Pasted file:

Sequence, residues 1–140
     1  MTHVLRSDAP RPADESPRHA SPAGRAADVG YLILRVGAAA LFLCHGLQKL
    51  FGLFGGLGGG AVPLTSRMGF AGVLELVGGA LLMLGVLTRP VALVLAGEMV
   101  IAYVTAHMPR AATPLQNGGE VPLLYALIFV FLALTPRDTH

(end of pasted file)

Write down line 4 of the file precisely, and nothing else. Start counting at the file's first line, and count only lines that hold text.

   101  IAYVTAHMPR AATPLQNGGE VPLLYALIFV FLALTPRDTH